Skip to content

Who killed Tutankamun?

That’s the topic of this week’s “assignment” on the on-line course I’m doing. I really don’t know where to start with my objections to it! The evidence of how he died is very inconclusive for a start, and if medical experts can’t agree as to whether King Tut died from a traumatic head injury, a broken leg from a chariot accident, or just the constitution-sapping effects of in-breeding, then how can a bunch of complete amateurs be expected to come up with a sensible theory? Mind you, I’m not convinced that “theory” is an appropriate word – it implies (at least to me) some form of scientific method and the ability to be falsified. “Wild, baseless speculation” might be a better description of what we’re being asked to do.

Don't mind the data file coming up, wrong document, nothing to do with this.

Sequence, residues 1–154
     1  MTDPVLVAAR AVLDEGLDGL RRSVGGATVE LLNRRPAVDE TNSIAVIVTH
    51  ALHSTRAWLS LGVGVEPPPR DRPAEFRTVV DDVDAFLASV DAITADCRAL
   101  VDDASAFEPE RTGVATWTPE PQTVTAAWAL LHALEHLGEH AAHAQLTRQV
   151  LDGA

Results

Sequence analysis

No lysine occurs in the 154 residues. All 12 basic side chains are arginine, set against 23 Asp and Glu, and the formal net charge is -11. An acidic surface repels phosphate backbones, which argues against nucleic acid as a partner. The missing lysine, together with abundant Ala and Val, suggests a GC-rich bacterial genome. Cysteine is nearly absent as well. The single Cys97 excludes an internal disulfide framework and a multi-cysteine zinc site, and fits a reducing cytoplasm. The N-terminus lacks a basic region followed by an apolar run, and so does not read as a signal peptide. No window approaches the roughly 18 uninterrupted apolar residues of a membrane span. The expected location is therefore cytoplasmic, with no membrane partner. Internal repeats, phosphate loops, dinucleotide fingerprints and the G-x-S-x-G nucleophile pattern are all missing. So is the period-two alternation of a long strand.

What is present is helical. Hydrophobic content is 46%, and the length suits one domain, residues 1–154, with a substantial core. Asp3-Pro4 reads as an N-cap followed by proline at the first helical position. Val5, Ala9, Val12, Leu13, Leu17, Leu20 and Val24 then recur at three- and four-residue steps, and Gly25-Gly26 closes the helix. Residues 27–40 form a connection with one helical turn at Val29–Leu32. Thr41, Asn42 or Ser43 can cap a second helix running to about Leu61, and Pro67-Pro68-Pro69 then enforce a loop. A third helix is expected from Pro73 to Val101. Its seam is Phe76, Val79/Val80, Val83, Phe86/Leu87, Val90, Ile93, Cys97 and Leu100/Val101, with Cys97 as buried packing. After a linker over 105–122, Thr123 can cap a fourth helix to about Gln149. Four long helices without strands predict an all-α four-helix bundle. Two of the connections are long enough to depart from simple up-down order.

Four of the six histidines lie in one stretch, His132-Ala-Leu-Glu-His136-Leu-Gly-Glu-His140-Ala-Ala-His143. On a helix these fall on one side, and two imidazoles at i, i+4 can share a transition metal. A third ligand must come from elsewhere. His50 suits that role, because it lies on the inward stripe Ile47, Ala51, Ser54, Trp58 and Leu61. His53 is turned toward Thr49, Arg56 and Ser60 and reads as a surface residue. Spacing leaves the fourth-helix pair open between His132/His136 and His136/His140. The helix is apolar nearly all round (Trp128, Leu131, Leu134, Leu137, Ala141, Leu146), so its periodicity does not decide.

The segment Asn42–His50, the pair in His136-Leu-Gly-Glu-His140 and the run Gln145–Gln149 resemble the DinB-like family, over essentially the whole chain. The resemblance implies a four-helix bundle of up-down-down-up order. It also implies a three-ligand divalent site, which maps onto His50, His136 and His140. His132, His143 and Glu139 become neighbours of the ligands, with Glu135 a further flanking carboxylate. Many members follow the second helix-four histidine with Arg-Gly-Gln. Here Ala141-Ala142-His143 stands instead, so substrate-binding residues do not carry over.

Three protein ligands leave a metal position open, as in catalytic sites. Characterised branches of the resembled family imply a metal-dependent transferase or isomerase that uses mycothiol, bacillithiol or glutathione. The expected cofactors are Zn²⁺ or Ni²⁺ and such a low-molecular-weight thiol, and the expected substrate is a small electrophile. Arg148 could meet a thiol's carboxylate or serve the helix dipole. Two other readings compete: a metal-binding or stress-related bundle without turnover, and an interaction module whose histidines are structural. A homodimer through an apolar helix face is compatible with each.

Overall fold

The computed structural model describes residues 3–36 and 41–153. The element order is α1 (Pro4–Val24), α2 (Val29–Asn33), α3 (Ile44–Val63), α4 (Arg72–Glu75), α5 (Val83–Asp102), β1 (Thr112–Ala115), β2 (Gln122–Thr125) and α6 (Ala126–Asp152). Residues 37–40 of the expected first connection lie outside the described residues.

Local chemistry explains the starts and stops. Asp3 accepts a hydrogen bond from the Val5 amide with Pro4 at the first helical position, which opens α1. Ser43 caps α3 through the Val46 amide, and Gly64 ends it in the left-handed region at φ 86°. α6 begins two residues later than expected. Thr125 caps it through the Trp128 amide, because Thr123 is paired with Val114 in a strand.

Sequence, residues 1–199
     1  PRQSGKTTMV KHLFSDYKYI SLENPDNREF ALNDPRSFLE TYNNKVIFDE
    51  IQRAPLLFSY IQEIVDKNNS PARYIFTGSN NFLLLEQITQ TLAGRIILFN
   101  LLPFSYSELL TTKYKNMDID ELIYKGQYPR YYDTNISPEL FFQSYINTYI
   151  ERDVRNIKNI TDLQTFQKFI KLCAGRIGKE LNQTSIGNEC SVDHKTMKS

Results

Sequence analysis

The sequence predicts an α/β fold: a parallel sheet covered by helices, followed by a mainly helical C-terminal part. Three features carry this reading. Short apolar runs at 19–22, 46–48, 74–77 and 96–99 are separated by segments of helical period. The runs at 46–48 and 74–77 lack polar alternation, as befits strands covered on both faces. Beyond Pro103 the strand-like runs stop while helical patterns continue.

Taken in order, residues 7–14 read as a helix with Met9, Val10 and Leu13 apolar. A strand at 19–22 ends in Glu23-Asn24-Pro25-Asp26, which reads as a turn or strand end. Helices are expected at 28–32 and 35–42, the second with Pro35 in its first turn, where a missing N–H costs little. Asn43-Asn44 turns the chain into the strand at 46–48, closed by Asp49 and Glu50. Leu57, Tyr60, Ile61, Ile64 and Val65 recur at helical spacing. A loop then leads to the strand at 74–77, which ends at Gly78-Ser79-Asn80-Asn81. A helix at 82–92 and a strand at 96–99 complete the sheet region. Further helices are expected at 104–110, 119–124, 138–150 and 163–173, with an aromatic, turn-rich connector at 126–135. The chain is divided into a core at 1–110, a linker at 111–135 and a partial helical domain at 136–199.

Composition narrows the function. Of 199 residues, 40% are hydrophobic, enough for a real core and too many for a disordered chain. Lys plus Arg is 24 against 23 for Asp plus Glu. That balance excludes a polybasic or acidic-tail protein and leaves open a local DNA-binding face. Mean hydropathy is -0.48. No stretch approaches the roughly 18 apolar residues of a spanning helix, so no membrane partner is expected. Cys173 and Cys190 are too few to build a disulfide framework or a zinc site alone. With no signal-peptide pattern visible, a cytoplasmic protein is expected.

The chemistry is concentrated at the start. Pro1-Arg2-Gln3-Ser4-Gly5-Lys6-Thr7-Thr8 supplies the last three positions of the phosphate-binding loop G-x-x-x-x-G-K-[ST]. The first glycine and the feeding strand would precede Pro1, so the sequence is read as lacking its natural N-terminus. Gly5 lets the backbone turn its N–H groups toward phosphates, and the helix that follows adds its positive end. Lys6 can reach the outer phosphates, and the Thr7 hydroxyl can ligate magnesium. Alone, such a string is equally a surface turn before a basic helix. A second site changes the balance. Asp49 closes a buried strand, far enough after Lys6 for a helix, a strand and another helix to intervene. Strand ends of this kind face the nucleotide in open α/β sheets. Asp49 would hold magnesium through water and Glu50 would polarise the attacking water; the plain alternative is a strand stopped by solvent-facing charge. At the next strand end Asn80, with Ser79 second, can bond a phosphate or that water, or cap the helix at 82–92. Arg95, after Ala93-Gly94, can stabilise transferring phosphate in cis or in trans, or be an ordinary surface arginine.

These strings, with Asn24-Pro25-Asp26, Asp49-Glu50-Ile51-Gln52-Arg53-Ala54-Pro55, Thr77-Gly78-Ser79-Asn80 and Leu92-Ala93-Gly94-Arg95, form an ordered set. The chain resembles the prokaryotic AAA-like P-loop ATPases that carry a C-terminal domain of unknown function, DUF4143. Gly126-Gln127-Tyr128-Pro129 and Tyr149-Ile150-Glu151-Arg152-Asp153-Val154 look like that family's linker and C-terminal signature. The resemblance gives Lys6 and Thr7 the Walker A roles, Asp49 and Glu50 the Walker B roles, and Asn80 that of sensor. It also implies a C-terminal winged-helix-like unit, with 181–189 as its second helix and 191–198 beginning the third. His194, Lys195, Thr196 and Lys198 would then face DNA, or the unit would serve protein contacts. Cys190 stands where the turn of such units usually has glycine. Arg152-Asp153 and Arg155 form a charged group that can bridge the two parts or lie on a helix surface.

However, whenever I find myself getting particularly wound-up at the woolly, liberal-arts bias, I remind myself that the course is completely free. Since I’m not paying for it, I can hardly complain about its content, and I’ll just have to cherry-pick the bits of the course that I have found interesting and worthwhile – such as being introduced to the oldest song in the world. It goes by the snazzy name of “H6”, and is written in cuneiform on a clay tablet, with both the words (a hymn to the moon-goddess) and the musical notation clearly inscribed. I’d never have come across that unless I’d participated in the course, and it was fascinating.